With Behncke Now Feeling Comfortable at Forward; Tiger Women's Soccer Has Strong Leader Up Front
By Bill Alden
Emily Behncke wasn't thrilled when she was moved up to forward last fall from the center midfield spot she had held the previous two seasons for the Princeton University women's soccer team.
"It was a difficult transition at first," said Behncke, who had been the 2002 Ivy League Rookie of the Year and a first-team All-Ivy selection as a midfielder the next season.
"I played center mid all my life; I loved the position. I didn't really feel like I belonged up front. It took me until the Harvard game to get comfortable."
In that game against the Crimson, Behncke fired in a late game-tying goal and then assisted on the winning goal in overtime.
The Williamsburg, Va. native went on to score a total of 13 goals and earn first-team All-Ivy honors at forward as Princeton went on its unprecedented run to the NCAA Final Four.
Behncke's total would have tied the program record for most goals in a season if her partner at forward, Esmeralda Negron, had not smashed the record by scoring 20 goals.
With Negron having graduated, Behncke knows that she will have a bull's eye on her back when Princeton kicks off its season this Friday when it travels down to Miami to play UCLA, the team it fell to in the Final Four.
"In terms of experience, I'm the one they will be going after" said Behncke, who may end up as the team's sole forward if the Tigers adopt a 4-5-1 formation.
"Playing next to Es, other teams were so focused on her that they left me free. It's definitely going to be more of a challenge but after playing the position a couple of years, you're willing to accept that."
Behncke is ready for the challenge of being a co-captain of a team that only returns four starters. "I'm honored to be a team captain," asserted the genial Behncke with her ready grin.
"Coming off a year like last year, we need strong senior leaders. I definitely feel more responsibility on my shoulders. If a practice is not going well, you're somewhat responsible to lift the mood and get everyone going."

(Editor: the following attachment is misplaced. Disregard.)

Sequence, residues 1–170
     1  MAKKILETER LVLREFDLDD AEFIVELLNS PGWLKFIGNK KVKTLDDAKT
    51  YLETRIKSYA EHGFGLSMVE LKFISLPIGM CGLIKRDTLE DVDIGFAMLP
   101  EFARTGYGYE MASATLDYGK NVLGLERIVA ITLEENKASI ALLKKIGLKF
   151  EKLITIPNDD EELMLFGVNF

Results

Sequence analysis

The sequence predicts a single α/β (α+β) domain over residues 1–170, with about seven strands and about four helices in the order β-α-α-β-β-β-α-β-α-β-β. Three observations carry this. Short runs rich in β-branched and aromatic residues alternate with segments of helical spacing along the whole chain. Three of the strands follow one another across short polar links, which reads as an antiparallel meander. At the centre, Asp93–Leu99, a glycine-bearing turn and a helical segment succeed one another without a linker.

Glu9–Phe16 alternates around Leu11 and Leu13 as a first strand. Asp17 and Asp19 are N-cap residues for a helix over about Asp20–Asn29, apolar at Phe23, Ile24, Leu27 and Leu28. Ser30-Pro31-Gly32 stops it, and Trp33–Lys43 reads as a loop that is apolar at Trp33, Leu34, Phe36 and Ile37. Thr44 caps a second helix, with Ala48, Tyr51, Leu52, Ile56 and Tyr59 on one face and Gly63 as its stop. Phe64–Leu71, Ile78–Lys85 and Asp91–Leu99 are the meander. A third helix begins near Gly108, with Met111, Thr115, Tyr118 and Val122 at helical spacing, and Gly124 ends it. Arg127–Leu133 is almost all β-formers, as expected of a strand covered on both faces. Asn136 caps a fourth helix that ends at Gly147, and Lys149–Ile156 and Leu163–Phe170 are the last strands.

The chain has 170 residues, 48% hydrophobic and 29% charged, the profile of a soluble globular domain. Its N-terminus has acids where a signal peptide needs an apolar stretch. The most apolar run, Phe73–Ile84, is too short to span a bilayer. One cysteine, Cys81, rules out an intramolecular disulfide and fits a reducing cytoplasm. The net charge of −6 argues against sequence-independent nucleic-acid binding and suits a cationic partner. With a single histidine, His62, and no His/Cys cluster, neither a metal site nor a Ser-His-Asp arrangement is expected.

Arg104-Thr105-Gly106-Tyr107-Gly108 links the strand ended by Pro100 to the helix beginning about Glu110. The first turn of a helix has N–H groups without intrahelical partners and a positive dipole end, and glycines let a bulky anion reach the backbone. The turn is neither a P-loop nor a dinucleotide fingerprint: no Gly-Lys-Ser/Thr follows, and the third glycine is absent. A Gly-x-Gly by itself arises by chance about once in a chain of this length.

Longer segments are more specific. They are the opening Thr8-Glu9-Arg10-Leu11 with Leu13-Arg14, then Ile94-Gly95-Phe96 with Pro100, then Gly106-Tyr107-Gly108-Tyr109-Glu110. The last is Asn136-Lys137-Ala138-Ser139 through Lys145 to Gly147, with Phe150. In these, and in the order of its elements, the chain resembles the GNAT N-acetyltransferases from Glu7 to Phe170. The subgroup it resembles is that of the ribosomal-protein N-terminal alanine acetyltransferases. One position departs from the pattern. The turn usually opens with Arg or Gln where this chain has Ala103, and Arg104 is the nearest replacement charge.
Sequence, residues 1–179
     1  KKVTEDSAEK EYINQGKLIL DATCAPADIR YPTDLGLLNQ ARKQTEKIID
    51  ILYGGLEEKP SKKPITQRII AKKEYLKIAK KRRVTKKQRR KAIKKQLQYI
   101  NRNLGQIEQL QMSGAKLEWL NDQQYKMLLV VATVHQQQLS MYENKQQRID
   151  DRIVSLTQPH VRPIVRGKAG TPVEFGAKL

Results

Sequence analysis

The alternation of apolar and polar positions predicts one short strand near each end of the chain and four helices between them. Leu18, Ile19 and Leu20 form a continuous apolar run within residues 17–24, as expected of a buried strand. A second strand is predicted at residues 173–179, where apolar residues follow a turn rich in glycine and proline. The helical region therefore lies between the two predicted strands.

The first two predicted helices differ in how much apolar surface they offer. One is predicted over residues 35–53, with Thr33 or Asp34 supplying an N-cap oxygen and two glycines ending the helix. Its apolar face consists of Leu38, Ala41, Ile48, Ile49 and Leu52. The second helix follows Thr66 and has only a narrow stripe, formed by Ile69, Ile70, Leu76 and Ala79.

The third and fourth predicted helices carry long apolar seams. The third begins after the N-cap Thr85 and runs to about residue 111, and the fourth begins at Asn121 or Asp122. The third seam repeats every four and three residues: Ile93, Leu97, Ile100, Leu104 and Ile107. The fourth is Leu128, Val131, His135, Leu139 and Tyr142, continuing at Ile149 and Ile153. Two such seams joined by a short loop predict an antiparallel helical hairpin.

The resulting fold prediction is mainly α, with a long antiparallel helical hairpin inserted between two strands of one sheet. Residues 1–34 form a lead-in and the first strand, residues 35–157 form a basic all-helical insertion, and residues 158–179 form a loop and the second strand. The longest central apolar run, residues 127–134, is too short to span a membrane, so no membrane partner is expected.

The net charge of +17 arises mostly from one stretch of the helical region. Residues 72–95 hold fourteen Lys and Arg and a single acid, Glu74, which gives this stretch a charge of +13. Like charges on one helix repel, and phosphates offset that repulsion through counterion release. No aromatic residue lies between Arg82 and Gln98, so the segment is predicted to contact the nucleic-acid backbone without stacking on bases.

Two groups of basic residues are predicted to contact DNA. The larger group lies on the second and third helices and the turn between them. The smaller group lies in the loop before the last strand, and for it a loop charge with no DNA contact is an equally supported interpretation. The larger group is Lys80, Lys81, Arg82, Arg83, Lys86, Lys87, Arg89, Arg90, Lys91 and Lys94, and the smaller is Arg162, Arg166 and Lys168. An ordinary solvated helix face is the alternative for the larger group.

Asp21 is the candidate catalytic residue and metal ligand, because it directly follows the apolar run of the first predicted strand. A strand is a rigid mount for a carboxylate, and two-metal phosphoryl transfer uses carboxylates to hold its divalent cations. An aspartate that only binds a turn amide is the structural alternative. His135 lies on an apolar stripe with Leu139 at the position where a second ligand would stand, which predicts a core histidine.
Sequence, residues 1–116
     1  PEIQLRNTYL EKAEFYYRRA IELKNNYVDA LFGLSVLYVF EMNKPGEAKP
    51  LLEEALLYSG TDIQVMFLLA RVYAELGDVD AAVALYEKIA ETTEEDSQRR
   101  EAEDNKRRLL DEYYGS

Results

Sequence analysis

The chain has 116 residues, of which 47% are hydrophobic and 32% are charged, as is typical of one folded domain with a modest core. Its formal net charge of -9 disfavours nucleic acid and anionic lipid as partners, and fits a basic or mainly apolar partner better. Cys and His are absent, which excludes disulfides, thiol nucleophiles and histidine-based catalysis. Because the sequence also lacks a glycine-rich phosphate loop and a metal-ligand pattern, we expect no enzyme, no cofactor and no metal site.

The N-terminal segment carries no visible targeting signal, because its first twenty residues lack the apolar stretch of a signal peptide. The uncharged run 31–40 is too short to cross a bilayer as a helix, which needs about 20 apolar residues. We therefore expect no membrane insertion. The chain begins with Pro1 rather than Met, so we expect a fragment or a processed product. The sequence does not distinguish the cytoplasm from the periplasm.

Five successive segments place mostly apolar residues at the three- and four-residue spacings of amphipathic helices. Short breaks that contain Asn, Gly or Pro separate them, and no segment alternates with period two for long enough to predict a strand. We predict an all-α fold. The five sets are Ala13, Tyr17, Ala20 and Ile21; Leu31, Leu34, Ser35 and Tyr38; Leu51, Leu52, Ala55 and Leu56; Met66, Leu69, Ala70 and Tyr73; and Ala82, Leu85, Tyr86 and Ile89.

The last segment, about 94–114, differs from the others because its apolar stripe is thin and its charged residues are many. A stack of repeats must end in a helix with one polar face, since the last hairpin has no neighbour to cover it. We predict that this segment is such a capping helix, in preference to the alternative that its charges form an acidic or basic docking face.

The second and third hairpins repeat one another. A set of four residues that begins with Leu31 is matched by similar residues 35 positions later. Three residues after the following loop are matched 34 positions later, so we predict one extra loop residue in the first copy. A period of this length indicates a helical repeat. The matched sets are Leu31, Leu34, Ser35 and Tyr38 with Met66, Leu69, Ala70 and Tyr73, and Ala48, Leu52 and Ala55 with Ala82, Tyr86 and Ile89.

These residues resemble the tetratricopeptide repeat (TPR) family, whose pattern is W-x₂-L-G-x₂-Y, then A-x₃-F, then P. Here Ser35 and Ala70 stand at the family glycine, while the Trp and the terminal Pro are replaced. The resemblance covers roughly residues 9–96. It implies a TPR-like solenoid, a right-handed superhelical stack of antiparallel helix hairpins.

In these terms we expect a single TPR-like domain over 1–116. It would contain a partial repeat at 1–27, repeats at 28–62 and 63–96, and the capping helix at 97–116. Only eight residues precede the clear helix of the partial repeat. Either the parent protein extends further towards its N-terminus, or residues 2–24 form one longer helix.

In the view of Princeton head coach Julie Shackford, Behncke possesses a rare blend of intensity and affability that should lift the team's mood.
"In my 14 or 15 years coaching I don't think I've ever coached anyone who is so competitive and so nice," said Shackford, referring to Behncke.
"To be in the position she is in, that is a perfect combination. She is so passionate but she is never without a smile on her face. I think with an inexperienced team, that kind of dynamic is more important and probably better than a more in your face player."
This Friday night, Behncke will bring plenty of passion to the field in Miami as Princeton looks to avenge last year's 2-0 defeat to UCLA which ended the Tigers' magical 2004 season.
"There are always games in a season that you focus on because they didn't go well the year before," explained Behncke, who enters her senior season with 60 career points on 25 goals and 10 assists.
"We've been thinking about UCLA since last December 4. I think everybody is excited about it. They are a really athletic team; they always give you a good game. We can make a statement with that game."
Following in the footsteps of older brothers Griff and Matt, who were both All-Ivy stars for the Princeton men's soccer team, Behncke is primed to make a statement in the family's last season in a Princeton jersey.
"My brothers told me this is your last shot; you make of it what you will," said Behncke, who played with the Player Development Academy's college training program this summer in preparation for her last go-around.
"You have to go out there everyday and try to be the best player on the field. I think that is good advice that any leader can take."
Now that she is comfortable playing forward, Behncke will be leading from the front for the Tigers.